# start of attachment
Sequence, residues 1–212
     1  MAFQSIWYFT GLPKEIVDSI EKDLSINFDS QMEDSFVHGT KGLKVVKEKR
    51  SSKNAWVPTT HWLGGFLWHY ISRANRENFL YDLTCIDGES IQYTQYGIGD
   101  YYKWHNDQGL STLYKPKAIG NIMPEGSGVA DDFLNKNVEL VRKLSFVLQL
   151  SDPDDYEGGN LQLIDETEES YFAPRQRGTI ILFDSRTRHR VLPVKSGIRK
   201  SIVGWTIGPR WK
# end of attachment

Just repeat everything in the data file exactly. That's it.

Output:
Sequence, residues 1–212
     1  MAFQSIWYFT GLPKEIVDSI EKDLSINFDS QMEDSFVHGT KGLKVVKEKR
    51  SSKNAWVPTT HWLGGFLWHY ISRANRENFL YDLTCIDGES IQYTQYGIGD
   101  YYKWHNDQGL STLYKPKAIG NIMPEGSGVA DDFLNKNVEL VRKLSFVLQL
   151  SDPDDYEGGN LQLIDETEES YFAPRQRGTI ILFDSRTRHR VLPVKSGIRK
   201  SIVGWTIGPR WK